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J Public Health Dent. 2003 Spring;63(2):119-25.

Oral cancer examinations among adults at high risk: findings from the 1998 National Health Interview Survey.

Author information

1
Baltimore College of Dental Surgery Dental School, University of Maryland, 666 West Baltimore Street, Room 3-E-02, Baltimore, MD 21201-1586, USA. mdm002@dental.umaryland.edu

Abstract

OBJECTIVES:

Cigarette smoking and alcohol use are risk factors for oral and pharyngeal cancer. Recommendations for periodic oral cancer examinations highlight the importance of examining high-risk smokers and alcohol users. This investigation assessed whether cigarette smoking and alcohol use were associated with receipt of an oral cancer examination.

METHODS:

The cross-sectional 1998 National Health Interview Survey was used. Covariates included age, sex, race/ethnicity, poverty status, and geographic region. Weighted bivariate and multivariate analyses were stratified by dentition status and limited to adults aged > or = 40 years.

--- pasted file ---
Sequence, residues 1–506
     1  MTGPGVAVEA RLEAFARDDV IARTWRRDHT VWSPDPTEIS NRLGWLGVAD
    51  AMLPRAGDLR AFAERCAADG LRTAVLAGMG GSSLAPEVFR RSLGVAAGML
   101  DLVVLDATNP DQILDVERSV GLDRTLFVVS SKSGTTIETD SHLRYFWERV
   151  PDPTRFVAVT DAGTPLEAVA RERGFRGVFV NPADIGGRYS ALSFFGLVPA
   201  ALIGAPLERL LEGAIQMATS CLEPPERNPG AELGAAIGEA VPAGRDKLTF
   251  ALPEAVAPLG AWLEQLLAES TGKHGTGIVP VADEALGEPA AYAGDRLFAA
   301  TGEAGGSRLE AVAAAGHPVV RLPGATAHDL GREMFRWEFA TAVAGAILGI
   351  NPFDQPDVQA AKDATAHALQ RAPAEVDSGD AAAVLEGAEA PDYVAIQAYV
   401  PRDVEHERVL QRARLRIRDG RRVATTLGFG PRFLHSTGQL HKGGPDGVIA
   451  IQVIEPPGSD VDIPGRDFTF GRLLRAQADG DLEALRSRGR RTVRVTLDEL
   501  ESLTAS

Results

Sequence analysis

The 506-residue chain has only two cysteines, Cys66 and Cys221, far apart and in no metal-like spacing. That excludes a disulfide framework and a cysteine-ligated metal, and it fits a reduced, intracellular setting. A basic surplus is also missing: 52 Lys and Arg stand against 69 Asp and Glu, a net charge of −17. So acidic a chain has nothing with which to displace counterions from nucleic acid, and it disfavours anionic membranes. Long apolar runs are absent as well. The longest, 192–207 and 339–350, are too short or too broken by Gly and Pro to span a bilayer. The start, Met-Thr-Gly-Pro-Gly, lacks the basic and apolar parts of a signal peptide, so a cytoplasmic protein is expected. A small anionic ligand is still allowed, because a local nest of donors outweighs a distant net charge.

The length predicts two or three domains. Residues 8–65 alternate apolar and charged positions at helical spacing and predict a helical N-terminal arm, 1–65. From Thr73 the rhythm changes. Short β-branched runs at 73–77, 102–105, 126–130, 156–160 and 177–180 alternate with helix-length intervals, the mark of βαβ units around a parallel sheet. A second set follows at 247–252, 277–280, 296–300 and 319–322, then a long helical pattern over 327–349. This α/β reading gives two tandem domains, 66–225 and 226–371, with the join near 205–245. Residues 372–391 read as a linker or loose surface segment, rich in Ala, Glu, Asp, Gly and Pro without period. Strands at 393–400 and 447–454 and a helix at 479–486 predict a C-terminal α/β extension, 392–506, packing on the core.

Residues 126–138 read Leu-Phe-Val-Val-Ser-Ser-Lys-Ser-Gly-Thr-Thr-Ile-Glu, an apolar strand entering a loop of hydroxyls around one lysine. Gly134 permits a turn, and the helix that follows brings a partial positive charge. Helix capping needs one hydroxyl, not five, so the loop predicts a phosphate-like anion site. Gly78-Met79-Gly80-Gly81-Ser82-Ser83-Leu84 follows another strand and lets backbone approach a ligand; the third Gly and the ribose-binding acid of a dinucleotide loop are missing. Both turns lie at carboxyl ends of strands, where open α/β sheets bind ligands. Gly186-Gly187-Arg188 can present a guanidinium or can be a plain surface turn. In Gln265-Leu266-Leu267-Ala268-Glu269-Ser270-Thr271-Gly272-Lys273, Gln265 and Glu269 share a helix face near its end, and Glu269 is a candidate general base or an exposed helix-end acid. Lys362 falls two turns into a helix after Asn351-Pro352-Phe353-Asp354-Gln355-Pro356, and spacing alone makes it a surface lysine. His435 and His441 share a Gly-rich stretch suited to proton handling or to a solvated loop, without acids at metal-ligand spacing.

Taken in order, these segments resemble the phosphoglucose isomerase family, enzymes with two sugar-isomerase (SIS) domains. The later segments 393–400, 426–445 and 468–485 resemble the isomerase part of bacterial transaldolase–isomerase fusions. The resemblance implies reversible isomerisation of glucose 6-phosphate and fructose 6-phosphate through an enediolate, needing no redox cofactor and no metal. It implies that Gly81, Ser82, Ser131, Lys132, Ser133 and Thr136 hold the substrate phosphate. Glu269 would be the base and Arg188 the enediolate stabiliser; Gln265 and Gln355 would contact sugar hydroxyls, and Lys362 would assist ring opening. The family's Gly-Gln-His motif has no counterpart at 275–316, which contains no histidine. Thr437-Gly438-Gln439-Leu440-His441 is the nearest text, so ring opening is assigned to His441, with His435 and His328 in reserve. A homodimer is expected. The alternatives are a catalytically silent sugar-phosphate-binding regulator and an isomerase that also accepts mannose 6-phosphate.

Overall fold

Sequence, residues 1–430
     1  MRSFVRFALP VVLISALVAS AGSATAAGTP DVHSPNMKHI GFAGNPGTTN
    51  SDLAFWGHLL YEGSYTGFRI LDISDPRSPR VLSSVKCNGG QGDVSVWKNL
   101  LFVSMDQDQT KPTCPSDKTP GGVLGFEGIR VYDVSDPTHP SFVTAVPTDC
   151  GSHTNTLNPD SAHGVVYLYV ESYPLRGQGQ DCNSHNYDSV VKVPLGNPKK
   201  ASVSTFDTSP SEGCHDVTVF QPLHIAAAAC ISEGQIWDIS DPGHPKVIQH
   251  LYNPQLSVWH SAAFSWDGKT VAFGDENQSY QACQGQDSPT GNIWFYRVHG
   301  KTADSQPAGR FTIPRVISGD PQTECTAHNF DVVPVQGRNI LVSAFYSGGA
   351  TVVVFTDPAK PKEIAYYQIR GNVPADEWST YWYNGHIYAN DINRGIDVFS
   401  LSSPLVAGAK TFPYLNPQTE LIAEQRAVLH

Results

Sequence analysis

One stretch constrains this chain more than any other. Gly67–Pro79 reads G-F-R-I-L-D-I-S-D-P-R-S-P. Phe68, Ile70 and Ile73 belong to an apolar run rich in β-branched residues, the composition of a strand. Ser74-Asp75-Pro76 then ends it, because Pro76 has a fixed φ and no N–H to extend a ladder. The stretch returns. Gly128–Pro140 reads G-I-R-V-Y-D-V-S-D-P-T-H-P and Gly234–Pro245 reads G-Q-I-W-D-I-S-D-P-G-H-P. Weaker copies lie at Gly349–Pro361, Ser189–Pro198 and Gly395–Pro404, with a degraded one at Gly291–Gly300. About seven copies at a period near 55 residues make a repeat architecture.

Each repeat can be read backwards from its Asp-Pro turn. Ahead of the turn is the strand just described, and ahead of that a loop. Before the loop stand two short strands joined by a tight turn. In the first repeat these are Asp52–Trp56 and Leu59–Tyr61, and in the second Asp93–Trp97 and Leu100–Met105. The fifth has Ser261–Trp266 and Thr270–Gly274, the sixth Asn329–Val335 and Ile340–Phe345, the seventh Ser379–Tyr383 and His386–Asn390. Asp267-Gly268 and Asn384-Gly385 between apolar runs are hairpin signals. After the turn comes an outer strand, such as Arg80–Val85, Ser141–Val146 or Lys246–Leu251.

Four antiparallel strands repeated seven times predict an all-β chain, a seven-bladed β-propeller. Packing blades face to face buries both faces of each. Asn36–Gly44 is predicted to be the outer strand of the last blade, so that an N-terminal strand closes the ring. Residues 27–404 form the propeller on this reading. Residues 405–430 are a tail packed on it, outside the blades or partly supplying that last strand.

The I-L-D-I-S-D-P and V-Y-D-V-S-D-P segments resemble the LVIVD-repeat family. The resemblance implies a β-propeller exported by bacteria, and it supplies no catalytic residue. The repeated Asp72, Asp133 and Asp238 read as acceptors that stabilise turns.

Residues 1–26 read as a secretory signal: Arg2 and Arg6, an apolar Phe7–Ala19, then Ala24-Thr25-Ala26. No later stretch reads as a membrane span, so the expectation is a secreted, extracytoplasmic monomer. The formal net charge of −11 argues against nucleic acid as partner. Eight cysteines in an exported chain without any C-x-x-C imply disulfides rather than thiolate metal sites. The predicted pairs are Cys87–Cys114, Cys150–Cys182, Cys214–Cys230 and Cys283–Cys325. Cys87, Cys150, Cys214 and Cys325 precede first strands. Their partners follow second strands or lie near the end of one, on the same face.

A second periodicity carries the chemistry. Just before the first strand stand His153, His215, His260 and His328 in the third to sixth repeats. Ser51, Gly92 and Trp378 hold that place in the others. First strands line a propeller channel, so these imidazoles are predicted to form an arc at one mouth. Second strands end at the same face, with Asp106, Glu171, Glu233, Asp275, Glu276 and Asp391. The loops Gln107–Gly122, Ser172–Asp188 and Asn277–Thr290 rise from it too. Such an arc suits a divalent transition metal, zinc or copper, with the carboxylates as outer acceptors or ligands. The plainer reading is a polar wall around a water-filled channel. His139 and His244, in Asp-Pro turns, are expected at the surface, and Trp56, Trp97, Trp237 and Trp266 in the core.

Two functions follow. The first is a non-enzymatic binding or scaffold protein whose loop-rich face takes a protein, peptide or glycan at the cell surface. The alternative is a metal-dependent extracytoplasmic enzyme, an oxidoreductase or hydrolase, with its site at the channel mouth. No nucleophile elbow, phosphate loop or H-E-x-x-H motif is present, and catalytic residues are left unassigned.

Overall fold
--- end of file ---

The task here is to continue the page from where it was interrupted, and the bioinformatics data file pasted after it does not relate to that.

RESULTS:

Regardless of dentition status, current smokers were no more likely to have received an examination than were never smokers. The associations between alcohol use and receipt of an examination were mixed, and were generally more favorable among those who had a dental visit in the last year. Dentate current and former alcohol users were more likely than abstainers to have received an examination. There was no statistically significant association between alcohol use and receipt of an oral cancer examination among edentulous adults.

CONCLUSIONS:

Practitioners should improve the provision rates of oral cancer examinations in accordance with published guidelines, especially among current smokers and edentulous alcohol users who have not been to the dentist in the last year. Recommendations for improvement are presented.

[Indexed for MEDLINE]

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